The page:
We then spend some time going over first aid, foodborne illnesses, safe food handling and food allergies (Requirement 1).  The boys then cut up some potatoes, start a fire, grill some sausages over the open flames and deep fry the potatoes in a dutch oven.  We eat and clean-up.

 

We then talk about healty eating habits (Requirement 2) and then about cooking methods (Requirement 4).  We talk about backpacking food and make some beef jerky.

 

That takes us to around 3:00.  The boys then begin cooking dinner and dessert.  Each pair of boys cooks a full meal and dessert both using a Dutch Oven.  In the past they have cooked braised short ribs over polenta, beef lasagna, BBQ spare ribs with apple sauce, cole slaw and corn bread; chicken cacciatore over pasta and beef stew over noodles.  The desserts have included a chocolate cake (not a dump cake, but one baked in a cake pan), chocolate brownies, choccolate chip cheesecake, peach blueberry cobbler and an apple pie.

 

The boys' parents join us for dinner and we award the Cast Iron Chef honor to the pair that got the best results.  The boys clean up and we call it a day.

 

We then have one more hour long meeting where we discuss food labels and careers (Requirements 3 and 8).

 

The boys then have to make their menus, pepare their shopping lists and cook the meals at home and then on a trial hike or backpacking trip (Requirements 5 and 7).  I accept prior cooking on backpacking trips as long as the write up the menu and shopping list. 

 

So, it probably takes 1 hour ahead of time, 9 hours on the weekend, 1 hour follow up and then the work to do at home and on the trail.

 

I have thought about designing a program for our summer camp for next summer.  There would have to be an hour a day session for the coursework and then a morning, afternoon and evening session for the outdoor meals in lieu of the dining hall and then two trail hikes for a breakfast and lunch on the trail  

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Heritage Reservation dropped Cooking from its MB program because it could not be completed given its food service arrangements. When the reservation director discussed this and other program changes with the SMs none of us had any objection. Neither the dining hall nor the patrol cooking camps allow for boys to create their own menus, order the ingredients at commissary and cook for their patrols. There is certainly enough property to have the boys arrange for a trail hike -- a backpacking trek on the Laurel Highlands Trail is available to older scouts. But, it would take a very flexible food service program to allow for youth to plan their own menus. And, the reservation is not there yet. I doubt that many many camps are.

 

However, assuming that one day camp commissaries change their business model, @@Hedgehog has the right idea. The challenge will be to implement this in camp where a few boys working on Cooking have the time they need to do their work, while the boys who are not can do their program.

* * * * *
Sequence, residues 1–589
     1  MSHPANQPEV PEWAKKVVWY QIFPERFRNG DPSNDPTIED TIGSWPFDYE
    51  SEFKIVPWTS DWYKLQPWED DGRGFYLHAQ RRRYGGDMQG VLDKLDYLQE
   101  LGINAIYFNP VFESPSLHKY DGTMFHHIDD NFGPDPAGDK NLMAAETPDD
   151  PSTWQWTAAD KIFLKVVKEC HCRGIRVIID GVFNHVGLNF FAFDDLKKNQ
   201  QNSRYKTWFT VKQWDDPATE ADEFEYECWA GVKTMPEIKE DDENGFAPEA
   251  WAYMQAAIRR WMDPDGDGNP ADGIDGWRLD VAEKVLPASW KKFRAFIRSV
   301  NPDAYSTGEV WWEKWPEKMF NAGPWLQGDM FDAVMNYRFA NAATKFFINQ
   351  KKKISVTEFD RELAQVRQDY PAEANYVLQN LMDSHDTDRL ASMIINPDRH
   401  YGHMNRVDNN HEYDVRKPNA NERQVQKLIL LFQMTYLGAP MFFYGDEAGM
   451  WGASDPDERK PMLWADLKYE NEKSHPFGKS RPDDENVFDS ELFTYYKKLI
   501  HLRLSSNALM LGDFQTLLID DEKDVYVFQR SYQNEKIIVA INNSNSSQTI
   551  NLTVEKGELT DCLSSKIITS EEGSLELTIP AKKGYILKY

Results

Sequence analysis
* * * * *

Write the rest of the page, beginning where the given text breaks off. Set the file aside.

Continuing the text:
Perhaps if all patrols at camp were required to develop their menus from the list of ingredients available at commissary, it would be feasible to reintroduce Cooking MB during summer camp.

Edited by qwazse

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@@jpc763 it does sound too good to be true. I would talk to the scouts and walk through what they did. If it sounds like they did not complete the requirements then follow the GTA and use the remedies they outline on how to address this situation.

 

We had a similar experience with cooking at a "MB college". All was signed off without the MBC validating the work was done. We met with the scout and asked him to produce his documentation regarding all the menus and meals. He couldn't and agreed he just told the MBC he'd done the work, not bothering to realize that meals in question were also being applied to rank advancement and other badges.

 

I will discuss this with committee chair.  Forgive my ignorance, but what is GTA?

 

I run a Cooking Merit Badge program for our toop.  We start off with an hour meeting where the boys plan the menus that they will be cooking in the outdoors.  I do the shopping for them based on their food lists (this saves money because I can combine the lists (so you don't have 4 pounds of butter when each group only needs a 1/4 pound) and can use spices and other ingredents from my pantry at home).

 

The class is 8 boys where they are paired up into 4 groups.  Then we meet in my backyard on a weekend day at 8:00.  The start out by washing their hands.  Then we prepare a dutch oven full of monkey break. I then teach them how to cut with the various cooking knives and then they chop ham, cheese, onions and peppers.  By the time the monkey bread is ready, they have  made egg omlettes and fried up some bacon.  We then eat and clean up.

 

We then spend some time going over first aid, foodborne illnesses, safe food handling and food allergies (Requirement 1).  The boys then cut up some potatoes, start a fire, grill some sausages over the open flames and deep fry the potatoes in a dutch oven.  We eat and clean-up.

 

We then talk about healty eating habits (Requirement 2) and then about cooking methods (Requirement 4).  We talk about backpacking food and make some beef jerky.